Religion is a social and cultural phenomenon that is an integral part of the human experience. It consists of many different beliefs, practices, and expressions that are shared by most people around the world.
Studying religion as a major is one way to develop your understanding of the world and the ways in which people interact with each other. Alternatively, you may be interested in learning about the beliefs of a specific culture or nation so that you can better connect with people who share those beliefs.
The origins of religion can be traced to either a biological or a cultural need. Those who support the idea of a biological origin believe that human beings created spirituality in response to the fear of death and the desire to go on after their death.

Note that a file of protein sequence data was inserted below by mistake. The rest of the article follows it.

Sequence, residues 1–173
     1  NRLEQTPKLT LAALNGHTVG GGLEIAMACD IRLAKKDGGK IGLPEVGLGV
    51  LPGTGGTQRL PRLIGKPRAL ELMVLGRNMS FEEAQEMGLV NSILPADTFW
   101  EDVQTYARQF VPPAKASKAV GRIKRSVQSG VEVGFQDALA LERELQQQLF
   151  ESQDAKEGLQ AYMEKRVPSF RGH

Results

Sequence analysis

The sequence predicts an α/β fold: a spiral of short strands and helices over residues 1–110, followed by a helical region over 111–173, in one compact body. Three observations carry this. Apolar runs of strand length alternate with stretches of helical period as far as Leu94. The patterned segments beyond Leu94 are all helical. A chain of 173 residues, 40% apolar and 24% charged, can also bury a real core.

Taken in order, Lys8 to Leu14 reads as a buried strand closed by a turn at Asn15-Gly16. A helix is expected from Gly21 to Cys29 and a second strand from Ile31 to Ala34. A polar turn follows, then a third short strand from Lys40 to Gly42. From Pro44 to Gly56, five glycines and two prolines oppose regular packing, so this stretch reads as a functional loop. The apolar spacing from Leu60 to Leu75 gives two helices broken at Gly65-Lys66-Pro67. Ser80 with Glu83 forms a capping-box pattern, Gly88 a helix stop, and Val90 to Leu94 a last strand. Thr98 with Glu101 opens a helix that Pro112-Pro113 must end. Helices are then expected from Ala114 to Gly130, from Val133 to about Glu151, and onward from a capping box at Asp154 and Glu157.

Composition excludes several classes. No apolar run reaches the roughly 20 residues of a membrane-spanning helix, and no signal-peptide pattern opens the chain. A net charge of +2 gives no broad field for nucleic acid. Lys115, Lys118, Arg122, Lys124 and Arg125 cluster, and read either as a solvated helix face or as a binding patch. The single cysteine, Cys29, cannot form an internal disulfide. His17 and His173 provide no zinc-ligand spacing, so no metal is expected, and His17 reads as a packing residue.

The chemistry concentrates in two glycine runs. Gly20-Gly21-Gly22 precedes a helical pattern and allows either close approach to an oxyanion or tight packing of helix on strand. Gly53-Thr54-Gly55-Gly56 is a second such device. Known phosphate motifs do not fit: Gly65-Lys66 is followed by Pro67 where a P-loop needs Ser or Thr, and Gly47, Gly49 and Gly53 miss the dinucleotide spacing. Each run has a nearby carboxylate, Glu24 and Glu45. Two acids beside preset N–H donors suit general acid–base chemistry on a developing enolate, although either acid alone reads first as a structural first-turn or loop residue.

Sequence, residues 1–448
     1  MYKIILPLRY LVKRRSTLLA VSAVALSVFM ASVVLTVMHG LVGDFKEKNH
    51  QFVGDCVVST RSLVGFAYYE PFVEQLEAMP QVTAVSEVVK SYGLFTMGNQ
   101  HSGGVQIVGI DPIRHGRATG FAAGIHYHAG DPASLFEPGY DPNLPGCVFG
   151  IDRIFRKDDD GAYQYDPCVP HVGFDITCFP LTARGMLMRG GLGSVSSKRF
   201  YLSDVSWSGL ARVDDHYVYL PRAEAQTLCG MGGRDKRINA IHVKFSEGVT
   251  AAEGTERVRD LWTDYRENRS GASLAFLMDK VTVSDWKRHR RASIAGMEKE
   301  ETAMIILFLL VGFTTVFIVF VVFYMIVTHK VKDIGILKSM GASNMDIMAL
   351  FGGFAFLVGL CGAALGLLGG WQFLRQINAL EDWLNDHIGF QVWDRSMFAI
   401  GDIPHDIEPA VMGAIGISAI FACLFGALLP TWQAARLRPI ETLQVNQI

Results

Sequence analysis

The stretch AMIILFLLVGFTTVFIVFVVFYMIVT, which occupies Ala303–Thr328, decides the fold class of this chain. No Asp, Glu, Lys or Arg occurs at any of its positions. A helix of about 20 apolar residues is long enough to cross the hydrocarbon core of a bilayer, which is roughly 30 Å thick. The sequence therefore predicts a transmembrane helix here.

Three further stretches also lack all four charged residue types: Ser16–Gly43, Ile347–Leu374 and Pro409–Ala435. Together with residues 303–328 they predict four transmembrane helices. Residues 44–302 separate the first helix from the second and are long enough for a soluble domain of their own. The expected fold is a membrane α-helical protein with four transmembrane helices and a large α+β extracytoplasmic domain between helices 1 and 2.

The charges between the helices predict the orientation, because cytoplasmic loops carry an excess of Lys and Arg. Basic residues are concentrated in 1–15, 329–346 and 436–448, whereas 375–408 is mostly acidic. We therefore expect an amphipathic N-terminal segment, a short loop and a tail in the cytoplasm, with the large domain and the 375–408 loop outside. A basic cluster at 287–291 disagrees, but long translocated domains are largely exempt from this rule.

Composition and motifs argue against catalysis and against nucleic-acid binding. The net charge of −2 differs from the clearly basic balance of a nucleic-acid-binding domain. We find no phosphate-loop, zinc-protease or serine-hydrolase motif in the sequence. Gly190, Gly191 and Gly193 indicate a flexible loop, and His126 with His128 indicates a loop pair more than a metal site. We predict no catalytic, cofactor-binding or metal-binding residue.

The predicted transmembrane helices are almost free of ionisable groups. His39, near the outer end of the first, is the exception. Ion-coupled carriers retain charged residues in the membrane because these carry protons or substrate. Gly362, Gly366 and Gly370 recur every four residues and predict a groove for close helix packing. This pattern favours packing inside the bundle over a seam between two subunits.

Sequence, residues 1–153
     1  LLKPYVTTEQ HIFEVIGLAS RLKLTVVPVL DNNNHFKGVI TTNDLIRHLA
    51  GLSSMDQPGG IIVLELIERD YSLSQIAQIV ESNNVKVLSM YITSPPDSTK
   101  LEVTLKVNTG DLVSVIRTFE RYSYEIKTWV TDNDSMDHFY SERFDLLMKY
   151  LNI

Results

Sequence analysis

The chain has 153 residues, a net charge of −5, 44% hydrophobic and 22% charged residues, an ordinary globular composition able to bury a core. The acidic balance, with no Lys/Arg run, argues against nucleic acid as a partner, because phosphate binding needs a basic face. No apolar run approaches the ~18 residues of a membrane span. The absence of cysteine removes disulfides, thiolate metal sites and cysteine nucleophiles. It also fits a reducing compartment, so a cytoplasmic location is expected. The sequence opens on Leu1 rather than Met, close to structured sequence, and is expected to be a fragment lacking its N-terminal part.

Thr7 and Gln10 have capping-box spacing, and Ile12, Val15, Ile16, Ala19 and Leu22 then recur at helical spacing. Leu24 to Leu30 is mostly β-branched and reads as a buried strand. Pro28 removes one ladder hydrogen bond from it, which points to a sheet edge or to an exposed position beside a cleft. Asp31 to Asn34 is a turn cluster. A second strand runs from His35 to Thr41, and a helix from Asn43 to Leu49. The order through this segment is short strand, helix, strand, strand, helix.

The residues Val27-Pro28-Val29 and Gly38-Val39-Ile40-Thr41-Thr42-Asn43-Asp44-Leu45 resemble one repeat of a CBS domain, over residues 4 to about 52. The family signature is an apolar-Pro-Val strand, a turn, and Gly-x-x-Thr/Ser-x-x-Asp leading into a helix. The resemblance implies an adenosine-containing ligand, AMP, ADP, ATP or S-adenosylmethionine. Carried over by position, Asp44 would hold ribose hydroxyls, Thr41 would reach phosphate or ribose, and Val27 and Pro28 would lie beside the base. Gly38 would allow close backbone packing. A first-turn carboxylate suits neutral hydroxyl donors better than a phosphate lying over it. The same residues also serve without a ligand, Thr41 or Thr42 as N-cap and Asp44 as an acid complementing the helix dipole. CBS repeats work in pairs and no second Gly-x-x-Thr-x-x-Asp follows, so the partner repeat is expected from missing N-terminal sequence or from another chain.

Those who support the idea of a cultural need say that human beings began to think about the big questions of life and death and developed the desire for immortality and hope. They also believed that a kind creator was watching over them and that they had an ultimate meaning to life.
Some scholars, such as Durkheim, use a functional approach that turns on the social function of creating solidarity among individuals. Others, such as Tillich, focus on the axiological function of providing orientation for a person’s life.
As a result, scholars may have difficulty accurately describing the multifaceted and complex nature of religion. In such cases, a “monothetic-set” definition can be helpful, as it sets out the properties of the phenomenon under investigation.